It’s an old story: how economic growth changes community character, and creates winners and losers in the process.
“Some of the longtime residents want Pacific City to be very much more low profile than Lincoln City or any of the other resort communities,” says Sally Rissel, former owner of the True Value Pacific City Hardware & Lumber and president of the Tillamook County Historical Society.
Rissel describes herself as an “admirer” of Jones and Schon, noting “they contribute to and are active in everything.” (Jones serves on the board of Tillamook Bay Community College, and the couple is known for giving money to area schools and hiring local students.)
But Rissel acknowledges that, particularly in the summer, parking at the Cape Kiwanda parking lot and the surrounding streets is “absolutely overflowing.”
A lot of people don’t want the town to develop, she says. “They want it to stay the way it was 30 years ago.”
Rouse of the Planning Committee also praises the Nestucca owners.
“We’re going to have development here, and it is going to be done poorly or done well,” she says. “Mostly I think Jeff and Mary have done well.” Nevertheless, says Rouse: Schons and Jones are business owners “who like their piece of the pie.”
Chenin Carlton, co-owner of Twist Wine Company at the opposite end of town, believes Jones and Schons’ businesses are destinations that draw people to the area, and in the process help small businesses, even those at a remove.
“What they do does drive a lot of people crazy,” Carlton says. “But they give back a lot more to the community than they get recognized for.”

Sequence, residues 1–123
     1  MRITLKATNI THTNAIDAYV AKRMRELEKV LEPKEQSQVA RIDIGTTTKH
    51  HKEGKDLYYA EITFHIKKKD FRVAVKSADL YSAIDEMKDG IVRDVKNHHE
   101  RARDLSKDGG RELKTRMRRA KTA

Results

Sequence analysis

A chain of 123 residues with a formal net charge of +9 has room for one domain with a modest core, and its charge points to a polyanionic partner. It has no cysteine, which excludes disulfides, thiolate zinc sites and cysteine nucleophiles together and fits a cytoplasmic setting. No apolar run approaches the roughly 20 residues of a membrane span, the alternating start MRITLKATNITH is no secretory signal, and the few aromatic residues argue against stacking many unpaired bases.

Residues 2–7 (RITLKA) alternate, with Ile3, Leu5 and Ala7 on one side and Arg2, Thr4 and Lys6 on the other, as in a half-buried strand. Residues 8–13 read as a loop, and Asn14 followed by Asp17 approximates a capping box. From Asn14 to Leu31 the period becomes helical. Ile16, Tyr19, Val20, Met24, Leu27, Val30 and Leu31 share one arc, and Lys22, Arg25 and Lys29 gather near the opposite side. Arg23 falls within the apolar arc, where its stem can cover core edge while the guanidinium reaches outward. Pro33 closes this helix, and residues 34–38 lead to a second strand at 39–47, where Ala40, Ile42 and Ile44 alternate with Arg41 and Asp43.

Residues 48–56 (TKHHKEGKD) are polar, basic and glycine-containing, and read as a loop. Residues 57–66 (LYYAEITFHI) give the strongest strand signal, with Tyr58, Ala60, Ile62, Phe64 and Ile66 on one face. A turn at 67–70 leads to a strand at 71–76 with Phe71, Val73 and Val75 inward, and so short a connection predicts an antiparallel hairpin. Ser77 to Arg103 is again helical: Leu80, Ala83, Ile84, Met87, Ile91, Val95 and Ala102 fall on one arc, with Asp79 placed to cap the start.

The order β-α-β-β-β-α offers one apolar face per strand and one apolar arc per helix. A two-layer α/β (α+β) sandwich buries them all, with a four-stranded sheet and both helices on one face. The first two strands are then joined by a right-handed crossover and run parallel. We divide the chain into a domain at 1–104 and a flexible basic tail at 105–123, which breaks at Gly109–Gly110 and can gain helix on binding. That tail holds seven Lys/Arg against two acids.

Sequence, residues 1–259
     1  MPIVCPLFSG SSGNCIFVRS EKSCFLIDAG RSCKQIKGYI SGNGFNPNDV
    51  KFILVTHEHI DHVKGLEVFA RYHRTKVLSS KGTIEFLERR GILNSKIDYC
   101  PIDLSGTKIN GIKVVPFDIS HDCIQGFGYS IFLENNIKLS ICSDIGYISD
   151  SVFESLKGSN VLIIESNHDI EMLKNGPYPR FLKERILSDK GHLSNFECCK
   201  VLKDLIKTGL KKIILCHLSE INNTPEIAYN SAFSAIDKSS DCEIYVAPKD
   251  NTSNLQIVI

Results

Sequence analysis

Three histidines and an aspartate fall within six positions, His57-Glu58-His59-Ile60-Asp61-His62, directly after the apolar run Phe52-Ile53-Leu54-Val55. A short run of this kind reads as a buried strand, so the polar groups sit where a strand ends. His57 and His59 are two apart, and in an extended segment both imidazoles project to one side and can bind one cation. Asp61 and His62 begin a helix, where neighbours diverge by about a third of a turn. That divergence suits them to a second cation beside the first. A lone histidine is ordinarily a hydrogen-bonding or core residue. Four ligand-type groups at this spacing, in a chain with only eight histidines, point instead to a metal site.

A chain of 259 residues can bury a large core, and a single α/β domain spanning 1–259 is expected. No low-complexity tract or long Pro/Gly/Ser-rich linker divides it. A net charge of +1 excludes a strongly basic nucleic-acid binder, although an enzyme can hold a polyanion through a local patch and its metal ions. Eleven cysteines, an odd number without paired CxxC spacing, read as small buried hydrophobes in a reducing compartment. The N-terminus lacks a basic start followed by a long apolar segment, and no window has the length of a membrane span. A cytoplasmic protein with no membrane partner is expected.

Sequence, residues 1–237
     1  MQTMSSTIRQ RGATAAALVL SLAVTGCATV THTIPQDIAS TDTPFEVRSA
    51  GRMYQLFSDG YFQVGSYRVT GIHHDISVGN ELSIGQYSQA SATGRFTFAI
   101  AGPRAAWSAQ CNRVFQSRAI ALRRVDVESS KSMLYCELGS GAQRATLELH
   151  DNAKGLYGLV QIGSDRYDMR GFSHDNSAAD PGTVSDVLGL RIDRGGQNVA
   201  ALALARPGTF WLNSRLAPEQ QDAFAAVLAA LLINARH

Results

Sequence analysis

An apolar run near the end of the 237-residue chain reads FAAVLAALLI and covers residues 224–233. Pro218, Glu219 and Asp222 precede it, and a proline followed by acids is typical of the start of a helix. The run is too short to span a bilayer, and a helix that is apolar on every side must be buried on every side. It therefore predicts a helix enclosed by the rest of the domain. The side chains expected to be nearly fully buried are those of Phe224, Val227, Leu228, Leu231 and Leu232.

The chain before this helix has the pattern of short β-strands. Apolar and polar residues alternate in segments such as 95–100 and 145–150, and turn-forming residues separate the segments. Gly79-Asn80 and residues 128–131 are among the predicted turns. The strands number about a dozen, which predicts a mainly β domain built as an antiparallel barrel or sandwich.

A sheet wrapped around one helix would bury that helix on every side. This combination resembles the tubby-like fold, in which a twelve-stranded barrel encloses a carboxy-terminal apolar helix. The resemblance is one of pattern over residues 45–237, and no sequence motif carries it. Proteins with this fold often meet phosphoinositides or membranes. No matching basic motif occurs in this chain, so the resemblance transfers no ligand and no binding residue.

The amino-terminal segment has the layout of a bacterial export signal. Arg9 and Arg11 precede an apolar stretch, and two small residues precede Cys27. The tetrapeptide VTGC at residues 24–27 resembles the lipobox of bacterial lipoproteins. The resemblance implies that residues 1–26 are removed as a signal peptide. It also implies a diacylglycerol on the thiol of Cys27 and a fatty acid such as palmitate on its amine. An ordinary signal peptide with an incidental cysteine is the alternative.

Schons understands people’s concerns, but also believes their projects fit the location and community ethos. The town is fortunate, he says, that the major development didn’t occur until state zoning laws were enacted and then adopted by Tillamook County.
“It allowed for thoughtful development,” he observes.
“All the projects we’ve been involved with fit within the zoning intent. We look at ourselves in the mirror every day and say: Did we do the right thing for the community, ourselves, the employees, the economy? So far we have been able to look ourselves in the eye and say the things we’ve done have been good.”
More projects are in the works.
The couple’s plans for their lodging group center around completing the $16 million Kiwanda Lodge Spa by August 2017, and the RV park. They also aim to continue growing their beer distribution.
Like other residents, the couple wants Pacific City “to remain a beautiful beach community,” says Schons.
They also hope Tillamook County continues to re-invest lodging tax dollars in local tourism management — just as Schons and Jones reinvested the proceeds from their dream house into their thriving family business.
Schons recalls walking into his mom’s suite and telling her they would have to move. “She looked at me and said, ‘Well, everybody needs a change. It will be good for us.’ I thought: ‘If she can take it, I can take it.’ It was a great change for us.”